‘The Worst’ May Be Yet To Come In Bloody ISIS Battle


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Saagar Enjeti White House Correspondent
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Nearly half a million civilians face dire conditions in the midst of the Iraqi Security Forces’ advance on the Islamic State-held Mosul, the United Nations warns.

UN officials fear a siege could deprive “hundreds of thousands of people” water and food. “We could be facing a humanitarian catastrophe, perhaps the worst in the entire conflict,” the UN humanitarian official in charge of Iraq told Reuters.

Lack of food of water is only one of the problems plaguing civilians in ISIS territory. The terrorist group routinely uses civilians as human shields and have even evolved more sinister tactics. The Iraqi Security Forces require more U.S. air support than ever before due to the narrow streets in western Mosul. The U.S. confirmed that it has dropped more bombs than ever before on ISIS in the first quarter of 2017.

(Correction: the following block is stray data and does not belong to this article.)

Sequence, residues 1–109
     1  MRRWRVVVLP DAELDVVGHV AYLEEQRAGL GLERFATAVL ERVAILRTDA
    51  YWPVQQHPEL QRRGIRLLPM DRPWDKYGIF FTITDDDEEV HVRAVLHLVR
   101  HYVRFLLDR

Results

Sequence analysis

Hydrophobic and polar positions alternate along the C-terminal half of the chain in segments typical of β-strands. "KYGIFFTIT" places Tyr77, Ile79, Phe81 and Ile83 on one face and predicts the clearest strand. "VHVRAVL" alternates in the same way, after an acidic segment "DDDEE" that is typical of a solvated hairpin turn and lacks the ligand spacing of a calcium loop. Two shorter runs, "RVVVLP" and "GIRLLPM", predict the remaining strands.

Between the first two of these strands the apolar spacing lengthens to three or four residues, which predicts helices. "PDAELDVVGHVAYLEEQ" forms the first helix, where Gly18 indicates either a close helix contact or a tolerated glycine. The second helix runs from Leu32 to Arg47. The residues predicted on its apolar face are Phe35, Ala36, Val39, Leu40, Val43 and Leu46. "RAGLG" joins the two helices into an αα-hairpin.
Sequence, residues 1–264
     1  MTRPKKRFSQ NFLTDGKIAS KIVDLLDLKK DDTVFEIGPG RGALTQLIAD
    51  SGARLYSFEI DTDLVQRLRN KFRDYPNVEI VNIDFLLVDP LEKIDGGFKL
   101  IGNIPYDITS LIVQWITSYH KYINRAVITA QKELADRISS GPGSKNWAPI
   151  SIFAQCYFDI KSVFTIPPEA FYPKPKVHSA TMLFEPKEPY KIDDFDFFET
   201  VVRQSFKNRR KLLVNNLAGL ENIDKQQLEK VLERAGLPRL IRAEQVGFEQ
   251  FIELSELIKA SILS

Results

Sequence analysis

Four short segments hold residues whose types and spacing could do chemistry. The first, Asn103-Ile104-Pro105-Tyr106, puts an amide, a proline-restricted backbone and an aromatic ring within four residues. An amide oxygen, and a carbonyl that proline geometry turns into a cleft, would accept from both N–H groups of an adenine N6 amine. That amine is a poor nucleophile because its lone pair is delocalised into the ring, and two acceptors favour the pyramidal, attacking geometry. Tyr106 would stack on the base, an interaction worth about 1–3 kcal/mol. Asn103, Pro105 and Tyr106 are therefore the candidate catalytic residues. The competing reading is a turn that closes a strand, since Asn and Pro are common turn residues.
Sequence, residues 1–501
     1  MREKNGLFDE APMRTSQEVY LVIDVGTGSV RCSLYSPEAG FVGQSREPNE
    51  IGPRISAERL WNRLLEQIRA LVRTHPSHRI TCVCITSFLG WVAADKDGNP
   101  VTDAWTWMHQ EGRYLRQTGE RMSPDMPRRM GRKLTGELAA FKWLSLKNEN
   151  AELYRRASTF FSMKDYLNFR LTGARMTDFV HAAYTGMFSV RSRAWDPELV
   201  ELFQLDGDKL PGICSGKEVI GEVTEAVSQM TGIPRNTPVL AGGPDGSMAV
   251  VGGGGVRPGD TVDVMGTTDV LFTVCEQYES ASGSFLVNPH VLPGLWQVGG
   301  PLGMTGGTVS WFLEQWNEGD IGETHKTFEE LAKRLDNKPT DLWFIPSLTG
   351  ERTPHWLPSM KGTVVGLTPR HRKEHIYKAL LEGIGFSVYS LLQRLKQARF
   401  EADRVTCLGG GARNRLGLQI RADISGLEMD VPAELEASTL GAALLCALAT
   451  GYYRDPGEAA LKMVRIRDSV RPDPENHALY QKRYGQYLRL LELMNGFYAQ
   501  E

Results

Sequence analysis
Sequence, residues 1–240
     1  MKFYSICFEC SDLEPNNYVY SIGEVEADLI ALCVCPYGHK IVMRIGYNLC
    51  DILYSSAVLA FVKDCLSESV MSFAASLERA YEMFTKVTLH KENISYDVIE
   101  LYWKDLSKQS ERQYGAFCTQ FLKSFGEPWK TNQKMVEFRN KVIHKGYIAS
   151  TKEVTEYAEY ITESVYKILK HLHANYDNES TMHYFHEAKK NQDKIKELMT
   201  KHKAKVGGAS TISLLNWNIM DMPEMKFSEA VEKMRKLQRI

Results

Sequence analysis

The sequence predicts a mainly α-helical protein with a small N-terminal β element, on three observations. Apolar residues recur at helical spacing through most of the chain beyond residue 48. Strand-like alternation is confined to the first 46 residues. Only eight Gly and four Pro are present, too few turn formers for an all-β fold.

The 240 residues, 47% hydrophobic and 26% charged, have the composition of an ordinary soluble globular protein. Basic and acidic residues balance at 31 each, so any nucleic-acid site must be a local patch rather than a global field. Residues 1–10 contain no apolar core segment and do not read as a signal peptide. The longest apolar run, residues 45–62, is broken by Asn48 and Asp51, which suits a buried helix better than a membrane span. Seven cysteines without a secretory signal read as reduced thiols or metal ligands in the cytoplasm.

The U.S. military believes ISIS is also herding civilians into positions where they may be vulnerable to airstrikes, in order to cause public relations debacles for the U.S. This tactic was seen on March 17 when a U.S. airstrike collapsed a building, killing 200 civilians.

U.S. officials believe ISIS intentionally placed snipers on the roof of the building, and packed the basement with civilians to cause a PR disaster for U.S. military officials saying they are in the process of declassifying video showing ISIS “smuggling civilians into buildings so we won’t see them, and trying to bait the coalition to attack.”

The massive civilian population within Mosul has posed problems for the Iraqi Security Forces since the beginning of the military campaign in October 2016.

“If there were no civilians, we’d just burn it all,” an Iraqi counter-terrorism commander declared in November. He continued that ISIS floods the streets with civilians when his forces enter, stopping the deployment of heavy munitions. “I couldn’t bomb with artillery or tanks, or heavy weapons. I said, ‘We can’t do anything.”

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